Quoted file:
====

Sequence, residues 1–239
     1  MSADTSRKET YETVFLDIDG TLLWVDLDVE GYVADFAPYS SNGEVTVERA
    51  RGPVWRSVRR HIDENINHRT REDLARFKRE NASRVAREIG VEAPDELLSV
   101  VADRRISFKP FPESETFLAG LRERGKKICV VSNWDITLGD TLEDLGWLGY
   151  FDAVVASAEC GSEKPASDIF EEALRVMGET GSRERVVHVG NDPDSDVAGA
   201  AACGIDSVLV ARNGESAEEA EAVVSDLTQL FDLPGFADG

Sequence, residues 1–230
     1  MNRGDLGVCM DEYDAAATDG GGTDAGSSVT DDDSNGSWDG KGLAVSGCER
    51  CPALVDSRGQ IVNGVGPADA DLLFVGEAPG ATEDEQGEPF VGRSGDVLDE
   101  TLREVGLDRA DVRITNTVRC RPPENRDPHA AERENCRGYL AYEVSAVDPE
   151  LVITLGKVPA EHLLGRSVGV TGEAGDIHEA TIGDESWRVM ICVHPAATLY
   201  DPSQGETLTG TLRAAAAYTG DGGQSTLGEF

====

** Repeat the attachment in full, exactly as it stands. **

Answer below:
Sequence, residues 1–239
     1  MSADTSRKET YETVFLDIDG TLLWVDLDVE GYVADFAPYS SNGEVTVERA
    51  RGPVWRSVRR HIDENINHRT REDLARFKRE NASRVAREIG VEAPDELLSV
   101  VADRRISFKP FPESETFLAG LRERGKKICV VSNWDITLGD TLEDLGWLGY
   151  FDAVVASAEC GSEKPASDIF EEALRVMGET GSRERVVHVG NDPDSDVAGA
   201  AACGIDSVLV ARNGESAEEA EAVVSDLTQL FDLPGFADG

Sequence, residues 1–230
     1  MNRGDLGVCM DEYDAAATDG GGTDAGSSVT DDDSNGSWDG KGLAVSGCER
    51  CPALVDSRGQ IVNGVGPADA DLLFVGEAPG ATEDEQGEPF VGRSGDVLDE
   101  TLREVGLDRA DVRITNTVRC RPPENRDPHA AERENCRGYL AYEVSAVDPE
   151  LVITLGKVPA EHLLGRSVGV TGEAGDIHEA TIGDESWRVM ICVHPAATLY
   201  DPSQGETLTG TLRAAAAYTG DGGQSTLGEF